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Ana Lyons, PhD

Postdoctoral Fellow

As an NSF PRFB fellow, I am deeply passionate about developing tardigrades as an emerging model organism for systems-level neuroscience, behavior, and sensory biology. Like C. elegans, tardigrades have simple nervous systems consisting of only a few hundred neurons and have optically transparent bodies, allowing for live-imaging using neuronal marker proteins such as GCaMP. Tardigrades are among the smallest animals known to science equipped with legs and simple eyespots, allowing us to dissect the neural underpinnings of limbed-locomotion and vision. Because tardigrades can also withstand a range of environmental extremes, they offer potential to study neuronal repair and resilience to clinically relevant conditions such as hypoxia, radiation, and low temperature. 

As a postdoc, I am (1) developing resources and improved protocols to deliver transgenic cargo into tardigrades—to allow for the pan-neuronal expression of GCaMP, to study live neuronal dynamics. Additionally, (2) we are developing improved pipelines for live-imaging and cell-segmentation of freely-behaving tardigrades. (3) As a third goal, I am developing methods to utilizing live neuronal dyes and HCR in situ probes to better map the nervous system of the model tardigrade species H. exemplaris. As a final interest, we are (4) developing behavioral assays to study various forms of -taxis and learning in tardigrades. I aspire to share protocols and resources freely with the broader scientific community, to help tardigrades succeed as a model organism.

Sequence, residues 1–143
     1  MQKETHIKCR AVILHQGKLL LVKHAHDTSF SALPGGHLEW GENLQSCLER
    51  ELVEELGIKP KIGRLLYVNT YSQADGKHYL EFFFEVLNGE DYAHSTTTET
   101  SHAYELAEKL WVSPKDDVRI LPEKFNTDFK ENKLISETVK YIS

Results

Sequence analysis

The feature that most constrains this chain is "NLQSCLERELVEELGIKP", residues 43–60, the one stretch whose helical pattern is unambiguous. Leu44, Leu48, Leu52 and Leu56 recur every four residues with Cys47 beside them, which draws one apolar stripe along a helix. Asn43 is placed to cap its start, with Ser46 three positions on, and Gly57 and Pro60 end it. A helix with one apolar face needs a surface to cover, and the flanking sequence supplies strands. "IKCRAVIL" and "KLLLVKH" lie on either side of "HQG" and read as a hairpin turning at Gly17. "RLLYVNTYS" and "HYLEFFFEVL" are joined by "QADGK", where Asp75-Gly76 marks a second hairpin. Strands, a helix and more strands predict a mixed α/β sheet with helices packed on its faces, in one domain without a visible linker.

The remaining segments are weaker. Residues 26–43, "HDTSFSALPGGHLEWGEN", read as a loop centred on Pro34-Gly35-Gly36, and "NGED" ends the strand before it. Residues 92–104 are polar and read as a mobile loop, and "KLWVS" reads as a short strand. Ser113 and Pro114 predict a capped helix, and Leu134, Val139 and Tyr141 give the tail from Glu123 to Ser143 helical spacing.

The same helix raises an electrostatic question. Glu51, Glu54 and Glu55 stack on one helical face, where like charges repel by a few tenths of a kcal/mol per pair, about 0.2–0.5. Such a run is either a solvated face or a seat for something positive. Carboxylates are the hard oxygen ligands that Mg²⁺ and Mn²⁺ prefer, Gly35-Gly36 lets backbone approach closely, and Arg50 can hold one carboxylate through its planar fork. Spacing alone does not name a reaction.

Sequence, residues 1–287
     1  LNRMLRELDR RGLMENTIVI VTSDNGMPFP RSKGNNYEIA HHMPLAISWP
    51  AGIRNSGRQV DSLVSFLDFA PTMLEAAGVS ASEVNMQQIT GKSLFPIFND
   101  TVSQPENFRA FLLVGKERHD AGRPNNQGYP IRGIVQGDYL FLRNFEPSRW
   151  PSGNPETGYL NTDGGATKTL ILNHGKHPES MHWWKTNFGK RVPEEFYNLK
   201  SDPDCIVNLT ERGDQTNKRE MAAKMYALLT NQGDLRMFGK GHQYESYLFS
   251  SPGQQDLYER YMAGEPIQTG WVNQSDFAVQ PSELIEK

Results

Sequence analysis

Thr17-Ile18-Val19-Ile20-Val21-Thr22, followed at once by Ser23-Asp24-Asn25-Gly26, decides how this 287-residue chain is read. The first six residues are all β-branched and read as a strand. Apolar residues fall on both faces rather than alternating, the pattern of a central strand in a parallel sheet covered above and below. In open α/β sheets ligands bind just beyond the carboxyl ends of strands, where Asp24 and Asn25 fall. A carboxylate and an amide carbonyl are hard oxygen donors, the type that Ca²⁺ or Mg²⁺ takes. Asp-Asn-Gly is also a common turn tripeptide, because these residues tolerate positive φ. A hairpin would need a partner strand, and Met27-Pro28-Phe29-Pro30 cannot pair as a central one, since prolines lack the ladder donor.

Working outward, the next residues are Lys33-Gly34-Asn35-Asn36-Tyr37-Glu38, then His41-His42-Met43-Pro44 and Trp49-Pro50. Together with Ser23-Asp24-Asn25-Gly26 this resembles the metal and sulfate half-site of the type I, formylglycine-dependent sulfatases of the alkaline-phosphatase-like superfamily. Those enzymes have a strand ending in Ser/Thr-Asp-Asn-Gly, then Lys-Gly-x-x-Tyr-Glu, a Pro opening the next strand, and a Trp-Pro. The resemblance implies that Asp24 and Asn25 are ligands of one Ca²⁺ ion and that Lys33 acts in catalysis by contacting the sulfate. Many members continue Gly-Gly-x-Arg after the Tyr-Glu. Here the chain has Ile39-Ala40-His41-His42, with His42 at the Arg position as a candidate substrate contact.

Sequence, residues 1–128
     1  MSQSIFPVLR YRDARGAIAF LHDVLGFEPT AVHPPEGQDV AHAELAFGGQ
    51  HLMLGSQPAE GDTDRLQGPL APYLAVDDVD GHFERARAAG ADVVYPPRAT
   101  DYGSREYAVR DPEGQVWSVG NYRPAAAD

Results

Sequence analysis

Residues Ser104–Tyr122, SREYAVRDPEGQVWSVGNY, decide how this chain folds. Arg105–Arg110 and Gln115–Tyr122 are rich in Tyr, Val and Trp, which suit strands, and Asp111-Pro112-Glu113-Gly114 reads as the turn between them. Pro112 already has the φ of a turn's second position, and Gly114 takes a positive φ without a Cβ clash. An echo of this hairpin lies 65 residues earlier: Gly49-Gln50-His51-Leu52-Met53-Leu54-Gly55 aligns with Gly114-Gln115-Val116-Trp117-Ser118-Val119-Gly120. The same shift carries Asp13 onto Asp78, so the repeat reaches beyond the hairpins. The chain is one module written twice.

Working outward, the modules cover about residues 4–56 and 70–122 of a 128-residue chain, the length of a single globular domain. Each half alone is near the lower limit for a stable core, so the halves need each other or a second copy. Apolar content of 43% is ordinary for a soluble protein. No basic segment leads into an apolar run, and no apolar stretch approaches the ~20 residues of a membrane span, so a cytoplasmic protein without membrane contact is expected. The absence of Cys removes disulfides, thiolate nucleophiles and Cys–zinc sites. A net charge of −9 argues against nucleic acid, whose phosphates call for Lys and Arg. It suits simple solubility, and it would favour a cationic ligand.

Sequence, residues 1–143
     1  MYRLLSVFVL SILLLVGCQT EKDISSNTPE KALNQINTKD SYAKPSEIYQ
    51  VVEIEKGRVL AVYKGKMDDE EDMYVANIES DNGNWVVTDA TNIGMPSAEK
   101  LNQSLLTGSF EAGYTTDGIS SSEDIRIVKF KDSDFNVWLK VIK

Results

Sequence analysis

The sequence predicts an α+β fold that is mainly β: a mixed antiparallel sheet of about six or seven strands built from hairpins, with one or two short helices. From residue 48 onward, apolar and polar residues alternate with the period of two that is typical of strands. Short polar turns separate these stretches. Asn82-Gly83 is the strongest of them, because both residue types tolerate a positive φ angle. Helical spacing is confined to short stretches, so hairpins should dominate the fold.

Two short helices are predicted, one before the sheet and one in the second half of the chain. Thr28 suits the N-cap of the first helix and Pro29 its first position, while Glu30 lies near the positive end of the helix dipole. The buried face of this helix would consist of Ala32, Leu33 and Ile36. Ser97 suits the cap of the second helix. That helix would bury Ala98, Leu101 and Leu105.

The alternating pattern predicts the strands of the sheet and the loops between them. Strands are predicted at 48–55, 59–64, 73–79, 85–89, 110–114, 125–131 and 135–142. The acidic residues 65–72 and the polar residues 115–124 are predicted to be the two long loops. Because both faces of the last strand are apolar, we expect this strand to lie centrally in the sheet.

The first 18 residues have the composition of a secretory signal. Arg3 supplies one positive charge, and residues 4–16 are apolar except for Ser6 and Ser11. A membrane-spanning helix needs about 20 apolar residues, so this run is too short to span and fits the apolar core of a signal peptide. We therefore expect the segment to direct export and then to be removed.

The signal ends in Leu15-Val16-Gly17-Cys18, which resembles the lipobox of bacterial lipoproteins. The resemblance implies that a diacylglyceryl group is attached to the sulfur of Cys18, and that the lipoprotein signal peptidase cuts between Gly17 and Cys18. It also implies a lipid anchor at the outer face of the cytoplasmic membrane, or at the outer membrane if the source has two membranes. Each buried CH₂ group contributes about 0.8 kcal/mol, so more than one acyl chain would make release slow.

I began my life-long obsession with tardigrades as a high school student, and I received my initial mentoring by Dr. Diane Nelson. Earlier in my career, I conducted a year-long research fellowship with Dr. Ralph Schill on tardigrade freeze tolerance, and I continued my exploration of this topic in my PhD dissertation “Mechanisms of cold tolerance in tardigrades (Hypsibius exemplaris)” (advised by Caroline Williams, UC Berkeley). During my PhD, I conducted fieldwork at McMurdo Station, Antarctica, and I worked as a visiting scholar in Ido Braslavsky’s lab (HUJI-Rehovot) to (1) help develop live microscopy methods to study tardigrade behavior at sub zero-temperatures and (2) explore putative cold tolerance proteins. Prior to my PhD, I worked as a 7th grade public school science teacher, and I continue to enjoy K12 outreach and mentoring undergraduates and new trainees in lab. Outside of lab, I volunteer as a math instructor at Mount Tamalpais College (San Quentin), practice zen meditation, and enjoy spending time in nature.

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